Audi F12 Electric Car Prototype Shows Off Best Of Tech

An ambitious green car technology project Audi has been taking part of is wrapping after three years, and its net result is what is described as a multi-module technology platform that’s being called “a major advance for electric mobility.” All of this is being showcased through what is, in some regards, the ultimate electric car – the F12.

Audi said the F12, which looks like a production R8 on the outside, represents what is described as the “eSport” model of the technology platform. One of the highest profile items of this platform is the high voltage batteries that powers the electric car. It has two separate blocks with an overall capacity of more than 38 kWh and is built in such a way that it can more sturdily withstand a collision. The batteries are switchable, delivering different output voltages of 144 or 216 volts. Under part load, the voltage is around 200 volts to maximize efficiency, and when increasing power demand and speed is needed, this increases to as much as 440 volts.

Audi F12

image via Audi

The battery system powers three different electric motors, each of which can be controlled separately. Audi noted that “during slow driving, only the synchronous motor at the front axle is active. At higher speeds, the performance-optimized asynchronous motors at the rear axle come into play. Together the three electric motors produce 150 kW (204 hp) and 550 Nm (405.66 lb-ft) of torque.”

Another innovative part of this platform is the heat pump for the thermal management of the drive system and the interior. It both “regulates the temperature of the batteries depending on the situation and can also store heat in them so that less energy is required to heat the interior the next time the car is driven.”

As with other concept vehicles we’ve seen in the past, how one controls the F12 is fairly technologically focused. One controls basic drive functions – Park, Reverse, Neutral and Drive – by operating buttons on the center tunnel. All other operations are controlled via a tablet computer that can be removed from the center console. A user-programmable instrument cluster presents all key information in high resolution.

The “e performance” research project that produced the F12 was a collaboration between Audi, Bosch and several institutes at the RWTH Aachen University. The technical universities of Munich, Dresden and Ilmenau, Leibniz University Hanover, the Fraunhofer institutes IESE and IISB as well as Forschungsgesellschaft Kraftfahrwesen mbH Aachen were also members of the consortium, which also received support from the German Federal Ministry for Education and Research.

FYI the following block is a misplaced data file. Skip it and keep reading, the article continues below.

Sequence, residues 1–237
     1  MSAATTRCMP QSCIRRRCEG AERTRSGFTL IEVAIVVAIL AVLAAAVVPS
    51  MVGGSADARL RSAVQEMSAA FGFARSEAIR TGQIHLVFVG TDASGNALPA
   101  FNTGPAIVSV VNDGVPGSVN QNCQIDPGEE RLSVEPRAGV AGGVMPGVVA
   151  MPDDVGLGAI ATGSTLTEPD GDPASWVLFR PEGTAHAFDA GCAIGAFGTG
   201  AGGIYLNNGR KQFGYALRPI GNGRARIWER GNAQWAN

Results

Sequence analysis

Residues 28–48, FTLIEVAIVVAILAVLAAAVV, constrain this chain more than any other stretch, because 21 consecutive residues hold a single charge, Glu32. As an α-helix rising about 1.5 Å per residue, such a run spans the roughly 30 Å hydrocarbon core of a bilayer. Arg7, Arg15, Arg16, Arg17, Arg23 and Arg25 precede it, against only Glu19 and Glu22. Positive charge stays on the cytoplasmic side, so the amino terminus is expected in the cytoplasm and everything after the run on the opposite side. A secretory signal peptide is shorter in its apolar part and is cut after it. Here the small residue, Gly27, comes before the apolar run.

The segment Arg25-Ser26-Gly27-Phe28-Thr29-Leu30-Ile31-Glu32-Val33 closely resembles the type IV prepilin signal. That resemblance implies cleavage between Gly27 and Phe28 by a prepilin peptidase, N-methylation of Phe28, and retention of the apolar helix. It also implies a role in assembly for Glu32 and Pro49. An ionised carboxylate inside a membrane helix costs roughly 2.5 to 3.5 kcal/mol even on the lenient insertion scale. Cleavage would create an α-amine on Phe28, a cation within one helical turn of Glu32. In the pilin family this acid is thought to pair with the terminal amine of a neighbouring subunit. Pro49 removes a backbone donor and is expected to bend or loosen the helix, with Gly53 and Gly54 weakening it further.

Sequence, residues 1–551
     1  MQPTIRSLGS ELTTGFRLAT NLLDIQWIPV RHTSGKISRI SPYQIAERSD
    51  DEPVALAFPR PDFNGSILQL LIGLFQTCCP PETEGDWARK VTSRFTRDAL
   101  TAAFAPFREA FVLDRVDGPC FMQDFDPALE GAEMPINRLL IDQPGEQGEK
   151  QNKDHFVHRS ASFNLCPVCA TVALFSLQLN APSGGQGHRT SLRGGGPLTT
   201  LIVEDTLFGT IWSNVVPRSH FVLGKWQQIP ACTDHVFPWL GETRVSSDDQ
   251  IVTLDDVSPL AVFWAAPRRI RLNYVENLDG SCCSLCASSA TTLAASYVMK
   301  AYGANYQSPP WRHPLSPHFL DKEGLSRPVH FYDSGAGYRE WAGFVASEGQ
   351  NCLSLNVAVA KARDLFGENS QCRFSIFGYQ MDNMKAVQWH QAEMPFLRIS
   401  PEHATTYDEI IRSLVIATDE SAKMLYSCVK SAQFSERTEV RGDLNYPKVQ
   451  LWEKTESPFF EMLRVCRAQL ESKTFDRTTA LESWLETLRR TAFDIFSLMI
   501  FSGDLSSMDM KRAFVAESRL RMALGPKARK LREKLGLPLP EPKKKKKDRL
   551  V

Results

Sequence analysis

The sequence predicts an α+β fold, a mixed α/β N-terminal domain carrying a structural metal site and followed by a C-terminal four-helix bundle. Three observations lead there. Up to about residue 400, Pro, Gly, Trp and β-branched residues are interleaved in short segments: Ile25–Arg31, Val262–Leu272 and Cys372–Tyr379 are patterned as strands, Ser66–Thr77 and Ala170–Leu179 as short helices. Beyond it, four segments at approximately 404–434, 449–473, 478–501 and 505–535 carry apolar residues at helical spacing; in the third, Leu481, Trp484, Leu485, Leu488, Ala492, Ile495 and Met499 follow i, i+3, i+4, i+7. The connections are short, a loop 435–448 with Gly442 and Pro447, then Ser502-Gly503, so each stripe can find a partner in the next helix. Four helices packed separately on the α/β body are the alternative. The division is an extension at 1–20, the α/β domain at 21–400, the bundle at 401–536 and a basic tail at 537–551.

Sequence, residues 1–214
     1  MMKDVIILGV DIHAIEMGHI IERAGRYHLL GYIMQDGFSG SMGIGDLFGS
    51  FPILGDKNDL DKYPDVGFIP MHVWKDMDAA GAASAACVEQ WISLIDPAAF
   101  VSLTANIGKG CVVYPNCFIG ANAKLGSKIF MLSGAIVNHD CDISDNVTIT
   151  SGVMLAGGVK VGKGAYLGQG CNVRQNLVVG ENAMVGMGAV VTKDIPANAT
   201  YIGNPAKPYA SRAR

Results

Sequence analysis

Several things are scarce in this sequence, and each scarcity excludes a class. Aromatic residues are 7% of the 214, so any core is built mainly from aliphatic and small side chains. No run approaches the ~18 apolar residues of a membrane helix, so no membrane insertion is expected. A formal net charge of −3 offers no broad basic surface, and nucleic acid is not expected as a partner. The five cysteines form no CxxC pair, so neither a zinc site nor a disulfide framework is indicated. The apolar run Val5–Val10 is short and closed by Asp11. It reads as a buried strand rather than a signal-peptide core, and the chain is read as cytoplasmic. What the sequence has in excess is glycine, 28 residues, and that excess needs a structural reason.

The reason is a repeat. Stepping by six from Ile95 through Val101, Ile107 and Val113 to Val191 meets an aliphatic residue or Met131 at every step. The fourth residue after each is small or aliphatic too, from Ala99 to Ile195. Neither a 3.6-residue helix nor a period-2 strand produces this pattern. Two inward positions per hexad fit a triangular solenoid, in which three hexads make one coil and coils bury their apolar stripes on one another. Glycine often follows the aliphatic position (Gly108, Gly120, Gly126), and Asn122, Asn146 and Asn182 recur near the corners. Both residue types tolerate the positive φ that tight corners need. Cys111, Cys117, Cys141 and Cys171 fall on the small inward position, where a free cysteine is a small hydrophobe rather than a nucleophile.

It is envisioned the elements learned from this project can be used in a variety of electric vehicles, ranging from sport car ideas like the F12 to a sedan to a city car. Follow up projects are already under way, and some are showing what is said to be good prospects for later production use.

I am the editor-in-chief and founder for EarthTechling. This site is my desire to bring the world of green technology to consumers in a timely and informative matter. Prior to this my previous ventures have included a strong freelance writing career and time spent at Silicon Valley start ups.


  • Reply October 20, 2012


    150 miles of routine driving or 75 of wild and crazy. Agree? Kudos Audi!

  • Reply October 20, 2012

    Robert DeDomenico

    Definitely an overcomplicated albatross, something for people who already have everything, and no longer care if what they acquire next ought even to have been built. I hope we don’t waste public funds on this farce.

  • Reply October 21, 2012

    Jon Bruckner

    Robert DeDomenico – What do you care where the funding comes from? It’s not even made in America. If another country wants to develop technology that will eventually overwhelm our own, it’s their business. We can just keep building the same old antiquated junk for another hundred years to please our republican regressives, their oil company masters, and the global-warming-denier crack pots that they all endorse. Can you say “Lack of Vision?”

  • Reply October 21, 2012

    Robert DeDomenico

    Sure, Jon, you have a lack of vision. Do you think that these electric cars save any energy? That argument is a farce. They just burn different fuel. My vision is a better solution. It is electric, but not battery. It’s the battery that will never do. And I do care that too much of that funding comes from tax revenue, even the imports get $7500 thrown at the buyer from the IRS in forgone revenue. Why? Because they think that they need to make believe that they are doing their part? Nothing could be further from the truth.

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